The Empathise mode will help you to analyse, conduct relevant research, and become an instant expert on the subject and gain invaluable empathy for the person you are designing for.

Define and Synthesise in the Define Phase

Synthesis, on the other hand, is about creatively putting together your analysis and research in order to form whole ideas. This takes place during the Define stage, during which we organise, interpret, and make sense of the data we have gathered in order to create a problem statement. It takes practice and hard work to generate a precise and specific problem statement that makes sense of the widespread information we gathered during the Empathise mode:

“The Define mode of the design process is all about bringing clarity and focus to the design space. It is your chance, and responsibility, as a design thinker to define the challenge you are taking on, based on what you have learned about your user and about the context.”
– d-school, An Introduction to Design Thinking PROCESS GUIDE

Although we mentioned that analysis takes place during the Empathise stage and synthesis takes place during the Define stage, they do not only happen during the distinct stages of Design Thinking. In fact, analysis and synthesis often take place consecutively throughout all stages of the Design Thinking process. Design Thinkers often analyse a situation before synthesising new insights, and then analyse their synthesised findings once more so as to create more, higher-level syntheses.

Methods which will Help you Synthesise Your Research and Define Your Design Challenge

There is a wealth of effective and fun methods which will help you synthesise and make sense of all the data you’ve gathered during your research. For example, it’s often relevant to tell the most significant and surprising user stories. Often, you will want to bring all of your data out into the open and visualise them in a mapping session with your fellow team members. You will develop empathy maps and personas based on your research about your users. You will immerse your personas in stories and flesh out the scenarios in which they find themselves. Once you understand the full scope of your users’ worlds, you can then form a problem bold statement which is also known as a Point Of View. You are then ready to proceed with crystallising your problem statement into inspirational How Might We questions. The How Might We questions will lead you on the way into the Ideation sessions, which follow in the next and third phase of the Design Thinking process.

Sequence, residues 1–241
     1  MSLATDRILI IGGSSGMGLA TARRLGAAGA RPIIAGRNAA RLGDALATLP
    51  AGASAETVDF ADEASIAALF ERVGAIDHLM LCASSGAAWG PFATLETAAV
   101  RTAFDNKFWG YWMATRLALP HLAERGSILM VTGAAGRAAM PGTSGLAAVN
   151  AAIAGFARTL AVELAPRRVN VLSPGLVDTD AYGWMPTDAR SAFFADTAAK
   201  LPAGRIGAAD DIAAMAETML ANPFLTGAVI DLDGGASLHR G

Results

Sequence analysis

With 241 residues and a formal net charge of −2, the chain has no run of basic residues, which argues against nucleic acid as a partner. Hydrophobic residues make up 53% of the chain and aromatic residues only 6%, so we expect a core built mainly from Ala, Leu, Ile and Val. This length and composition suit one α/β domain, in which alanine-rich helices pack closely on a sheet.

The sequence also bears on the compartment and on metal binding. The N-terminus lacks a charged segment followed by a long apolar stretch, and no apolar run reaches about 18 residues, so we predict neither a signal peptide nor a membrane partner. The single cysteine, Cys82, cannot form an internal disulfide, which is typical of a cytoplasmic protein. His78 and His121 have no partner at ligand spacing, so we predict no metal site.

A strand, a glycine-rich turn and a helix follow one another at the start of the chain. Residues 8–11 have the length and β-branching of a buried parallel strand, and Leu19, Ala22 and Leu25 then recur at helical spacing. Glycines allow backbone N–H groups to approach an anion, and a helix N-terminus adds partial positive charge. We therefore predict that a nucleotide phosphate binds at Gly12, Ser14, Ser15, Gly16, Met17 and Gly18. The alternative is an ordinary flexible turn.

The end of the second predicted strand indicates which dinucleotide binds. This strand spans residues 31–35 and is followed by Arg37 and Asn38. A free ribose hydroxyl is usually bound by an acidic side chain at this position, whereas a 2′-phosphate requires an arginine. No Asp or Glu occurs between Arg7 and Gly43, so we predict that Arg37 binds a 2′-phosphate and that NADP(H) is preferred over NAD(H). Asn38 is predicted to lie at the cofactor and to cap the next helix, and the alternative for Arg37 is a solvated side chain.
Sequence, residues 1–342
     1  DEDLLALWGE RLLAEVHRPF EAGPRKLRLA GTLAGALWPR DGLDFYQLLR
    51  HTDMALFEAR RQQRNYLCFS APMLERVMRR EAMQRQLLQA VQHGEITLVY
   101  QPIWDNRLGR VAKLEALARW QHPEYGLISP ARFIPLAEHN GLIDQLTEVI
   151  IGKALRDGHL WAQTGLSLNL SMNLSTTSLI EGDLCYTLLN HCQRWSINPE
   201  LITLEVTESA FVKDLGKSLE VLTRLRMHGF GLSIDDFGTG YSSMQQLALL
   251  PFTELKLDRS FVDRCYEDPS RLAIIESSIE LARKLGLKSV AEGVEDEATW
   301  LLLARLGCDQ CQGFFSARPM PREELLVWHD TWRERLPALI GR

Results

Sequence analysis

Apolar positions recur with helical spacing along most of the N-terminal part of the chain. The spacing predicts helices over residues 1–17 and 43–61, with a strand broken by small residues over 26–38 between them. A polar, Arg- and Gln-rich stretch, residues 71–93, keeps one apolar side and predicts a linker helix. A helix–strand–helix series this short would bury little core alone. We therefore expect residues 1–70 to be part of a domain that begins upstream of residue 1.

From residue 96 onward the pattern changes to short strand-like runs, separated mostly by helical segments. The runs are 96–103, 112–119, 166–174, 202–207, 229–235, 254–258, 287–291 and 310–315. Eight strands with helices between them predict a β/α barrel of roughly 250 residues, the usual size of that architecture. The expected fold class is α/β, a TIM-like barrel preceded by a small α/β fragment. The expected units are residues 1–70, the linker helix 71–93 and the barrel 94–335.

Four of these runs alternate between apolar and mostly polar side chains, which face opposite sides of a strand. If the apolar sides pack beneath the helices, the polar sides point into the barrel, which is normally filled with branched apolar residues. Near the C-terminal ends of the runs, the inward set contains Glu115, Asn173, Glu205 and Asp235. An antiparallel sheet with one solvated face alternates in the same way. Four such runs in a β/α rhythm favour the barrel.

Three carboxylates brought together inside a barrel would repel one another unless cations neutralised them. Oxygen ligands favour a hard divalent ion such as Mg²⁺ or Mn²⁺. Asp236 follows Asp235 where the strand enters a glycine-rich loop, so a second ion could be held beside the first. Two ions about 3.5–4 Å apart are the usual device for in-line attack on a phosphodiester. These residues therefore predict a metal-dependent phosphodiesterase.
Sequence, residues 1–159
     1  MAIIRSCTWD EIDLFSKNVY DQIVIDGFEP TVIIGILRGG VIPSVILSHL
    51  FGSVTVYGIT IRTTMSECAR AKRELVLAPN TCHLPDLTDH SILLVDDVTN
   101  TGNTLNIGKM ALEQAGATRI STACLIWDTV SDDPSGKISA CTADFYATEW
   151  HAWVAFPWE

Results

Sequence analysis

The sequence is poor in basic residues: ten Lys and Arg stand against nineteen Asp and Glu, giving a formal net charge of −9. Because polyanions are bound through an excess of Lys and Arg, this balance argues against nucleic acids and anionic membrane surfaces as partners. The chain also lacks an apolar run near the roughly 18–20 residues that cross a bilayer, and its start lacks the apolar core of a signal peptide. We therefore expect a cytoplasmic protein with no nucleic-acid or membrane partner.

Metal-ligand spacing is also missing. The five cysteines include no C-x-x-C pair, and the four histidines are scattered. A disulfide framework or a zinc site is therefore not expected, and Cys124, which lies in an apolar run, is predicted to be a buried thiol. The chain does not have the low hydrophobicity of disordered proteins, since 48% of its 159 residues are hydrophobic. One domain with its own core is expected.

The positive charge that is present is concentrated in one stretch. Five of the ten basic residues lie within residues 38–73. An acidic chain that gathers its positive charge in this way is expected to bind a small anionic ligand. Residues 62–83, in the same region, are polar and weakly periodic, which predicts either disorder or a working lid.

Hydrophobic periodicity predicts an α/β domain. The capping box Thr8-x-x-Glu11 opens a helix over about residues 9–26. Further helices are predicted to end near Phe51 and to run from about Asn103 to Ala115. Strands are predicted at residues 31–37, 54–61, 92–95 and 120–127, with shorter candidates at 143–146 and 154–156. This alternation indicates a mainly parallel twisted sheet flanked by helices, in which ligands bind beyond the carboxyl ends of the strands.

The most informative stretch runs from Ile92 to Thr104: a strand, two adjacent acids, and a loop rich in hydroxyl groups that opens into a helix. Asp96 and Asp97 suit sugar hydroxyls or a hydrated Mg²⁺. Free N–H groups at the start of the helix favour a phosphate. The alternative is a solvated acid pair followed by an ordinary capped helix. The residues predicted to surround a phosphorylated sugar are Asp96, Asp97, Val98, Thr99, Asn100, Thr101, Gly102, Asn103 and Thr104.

The Take Away

Analysis and synthesis are equally important. Each of them play an essential role in the process of creating options, making choices and guiding you in defining your design challenge in a problem statement. Analysis involves researching and breaking down complex concepts and problems into smaller, easier-to-understand constituents. You will analyse, research, and gain empathy for the person you are designing for in the Empathise mode. Synthesis involves creatively putting your analysis and research pieces together in order to form whole ideas. You synthesise in the Define phase: You organise, interpret, discover connections and patterns and make sense of the data that you have gathered. Your goal in the Define phase is to create a problem statement, also known as a Point Of view. Your Point Of View will be your transit into crystallising inspirational How Might We questions, which will lead you into the Ideation sessions, which follows as the next and third phase of Design Thinking process.

References & Where to Learn More

IDEO, HCD Connect, Extract Key Insights Method Guide: http://www.hcdconnect.org/methods/extract-key-insi...

OPEN IDEO, Design Challenges: https://openideo.com/challenge

d.school, Bootcamp Bootleg, 2011: http://dschool.stanford.edu/wp-content/uploads/201...

Idea.org, Methods, http://www.designkit.org/methods: http://www.designkit.org/methods

Hero Image: Author/Copyright holder: gdsteam. Copyright terms and licence: CC BY 2.0